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  1. Personality

  2. Personality • What is personality? • Theories of Personality • Psychodynamic (Freud) • Humanistic (Rogers) • Trait • Personality Testing and Uses • Evaluation of both personality theories and personality testing

  3. Some definitions: • Personality, temperament, mood and character all have different definitions • Temperament is the way in which we react to different situations. It is thought to be genetic. You can be described as hot-tempered or mild-tempered. • Mood refers to a short-lived state related to how we feel at a particular moment in time. Mood can cause you to act out of character. • Character is closely related to personality. Its a general description for the sum of all of your traits. E.g. A strong character

  4. Defining Personality • “ A relatively stable set of characteristics specific to an individual that determine how that individual acts and behaves” • Every person has a unique personality; no two people are the same • 5 traits activity • We need to remember that we do change our behaviour with context. Our personality is something that we can describe. It will explain our behaviour in different contexts. • For example, describe to me the way you behave around your grandparents....

  5. For example.... The way you behave around your grandparents and the way you behave around your friends is likely to be very different. You respect your grandparents and want to impress them. You may mind your language and make polite conversation. Maybe you only speak when spoken to. Around your friends you are loud. You tell your friends exactly what you are thinking and feel free to interrupt them and argue.

  6. For example… • Your behaviour in these different contexts has changed but this does not mean your personality has changed. • Despite this change in behaviour, you are more than likely able to make a list of “traits” that you have. The sum of all of these traits is your personality.

  7. Nature vs. Nurture • Do we have a personality gene or is personality determined by the environment we grew up in? • If there is an interplay of both are genes or the environment more influential?

  8. Nature • Studies have found a strong link between genetics and personality. Identical twins raised in the same home have more similar personalities that fraternal twins raised in the same home. • Identical twins raised in different homes also have very similar personalities, almost just as similar as identical twins raised in the same home. • Although there appears to be a strong genetic link, in none of the studies were the personalities of identical twins exactly the same. As their genes are exactly the same, this would suggest that there is indeed an environment influence. Research continues into this debate.

  9. Theories of Personality • We will look at three theories of personality: • Psychodynamic: personality is shaped by the experiences of childhood • Humanistic: we choose our own personality • Trait: personality is genetic and we are born with a particular personality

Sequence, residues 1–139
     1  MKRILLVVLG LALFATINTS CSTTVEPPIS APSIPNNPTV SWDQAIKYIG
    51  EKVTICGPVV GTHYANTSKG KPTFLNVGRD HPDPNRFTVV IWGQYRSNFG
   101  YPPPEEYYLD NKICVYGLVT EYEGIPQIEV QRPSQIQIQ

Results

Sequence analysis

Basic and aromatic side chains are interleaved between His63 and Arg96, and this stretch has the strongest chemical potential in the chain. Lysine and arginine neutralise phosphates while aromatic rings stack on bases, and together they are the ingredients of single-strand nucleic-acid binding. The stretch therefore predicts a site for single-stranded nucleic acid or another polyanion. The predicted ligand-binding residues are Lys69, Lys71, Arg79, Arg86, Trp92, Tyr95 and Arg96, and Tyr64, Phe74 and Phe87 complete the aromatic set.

10. Developed by Sigmund Freud • Claims that our personality has three components each with their own agenda • These three components are known as: • Id • Ego • Superego The Psychodynamic Theory of Personality

  11. Driven by biological forces • We experience discomfort when Id is not satisfied i.e. feeling hungry or thirsty • Can cause tension when biological urges are in conflict with the other parts of personality. • Id works on the pleasure principle. Id wants its urges met now and pays no attention to any consequences! Id

  12. Ego • Ego creates ways in which to meet the demands of Id within societal boundaries. • The ego develops from the Id during childhood. • Ego works on the reality principle. Ego tries to balance the needs of Id with the needs of Superego. Ego is the voice of reason.

  13. Superego develops from ego as a result of learning and socialisation. • Superego works on the morality principle. It uses the morals that we have learnt from our parents, friends and teachers to guide behaviour and avoid guilt. Superego

  14. An example... M.H. is a university student who is attracted to a girl he sees occasionally at the recreation centre. His id craves for immediate satisfaction (you know what I mean) but this is opposed by his superego (which finds reasons why he shouldn’t even be thinking about these desires). The Id says “Go for it!”. The Superego replies “Don’t even think about it!”. And what does the ego say? “I have a plan!”.

  15. The Mind by Freud • As well as proposing that personality was made up of three components, Freud described the mind as being made up of three levels: • The conscious mind • The pre-conscious mind • The subconscious/unconscious mind

  16. Three Levels of the Mind • Level 1: The conscious mind contains feelings and thoughts of which we are aware of at a particular point in time • Level 2: The pre-conscious mind contains thoughts and feelings that we are not aware of but can easily access when required. These thoughts and feelings are said to be just under the surface of our consciousness.